A recent Reuters news article describes how New York State will require a reduction in cooling water intake for power plants and other industrial facilities, to reduce fish kills by 90 percent. The article goes on to say that the state is planning to use this rule to force the Indian Point nuclear power plant to install a $2-billion closed-cycle cooling system.
Some, including the plant owner (Entergy), argue that such a cooling system (which would probably involve large cooling towers) would be impractical or too expensive, and would result in the plant's closure instead. The plant owner also doubts that the state would even grant the permits to build the cooling towers, if it decided to try to keep the plant open.
Since the current state government, including Gov. Andrew Cuomo, have made it clear that they intend to close the plant (primarily for reasons unrelated to water intake), it is clear to many that this rule is being used as an avenue to get the plant closed, and not to get cooling towers installed.
If one assumes that this rule will lead to Indian Point's closure, one must ask if the environmental benefit of the reduced water intake would offset the negative environmental impact of closing a large nuclear plant, and replacing its output with fossil fuel generation (i.e., increased air pollution and carbon dioxide emissions, not to mention increased power costs). It's almost as if the New York environmental agency promulgating this rule is choosing not to look at the broader picture.
Fossil plants given a pass
Actually, the situation is far worse, and more brazen, than that. The Reuters article goes on to state that the state environmental agency is planning to be "flexible", and allow several fossil power plants on the Hudson River to modify their open-cycle cooling systems, instead of requiring the installation of a closed-cycle system. The article does not mention any facilities other than Indian Point for which a closed-cycle cooling system will be insisted upon.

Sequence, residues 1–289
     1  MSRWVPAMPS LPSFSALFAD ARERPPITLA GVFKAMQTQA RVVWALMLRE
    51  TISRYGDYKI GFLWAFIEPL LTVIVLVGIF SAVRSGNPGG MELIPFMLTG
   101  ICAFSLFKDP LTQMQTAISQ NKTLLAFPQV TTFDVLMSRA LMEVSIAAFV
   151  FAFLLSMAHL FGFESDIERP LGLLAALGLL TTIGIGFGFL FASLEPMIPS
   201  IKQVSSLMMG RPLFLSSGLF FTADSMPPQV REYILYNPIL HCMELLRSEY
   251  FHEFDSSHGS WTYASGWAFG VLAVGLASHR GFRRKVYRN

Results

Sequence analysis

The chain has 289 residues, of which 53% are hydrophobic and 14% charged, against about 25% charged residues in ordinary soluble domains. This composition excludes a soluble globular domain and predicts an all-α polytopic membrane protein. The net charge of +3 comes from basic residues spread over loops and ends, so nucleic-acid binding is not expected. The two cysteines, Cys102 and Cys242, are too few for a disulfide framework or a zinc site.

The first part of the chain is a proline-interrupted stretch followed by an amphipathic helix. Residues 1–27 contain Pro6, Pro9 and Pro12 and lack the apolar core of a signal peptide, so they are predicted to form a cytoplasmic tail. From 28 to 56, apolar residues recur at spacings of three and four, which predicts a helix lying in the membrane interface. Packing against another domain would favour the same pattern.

Presumably, these alternative approaches would be more practical and far less expensive. Whether these alternatives would achieve the same result (i.e., a 90-percent reduction in fish kill) is not made clear in the article. I'm guessing not. Otherwise, why can't Indian Point do that? In fact, the state has rejected alternative methods (such as mesh screens) that have been proposed by Indian Point.
Two quotes from the article give the state's rationale:
The [New York Department of Environmental Conservation] said it would be flexible because it recognizes that all existing facilities may not be able [to] install a closed-cycle cooling system like the one the state wants at Indian Point.
Closed-cycle cooling is not always an available technology for existing facilities as issues of space availability and compatibility of new technology with the facility's original design frequently make it infeasible to implement.
Suffice it to say that I'm unconvinced. There are no fundamental reasons why an independent ultimate heat sink system couldn't be hooked up to any thermal power plant. Expensive, yes. Technically impossible, no.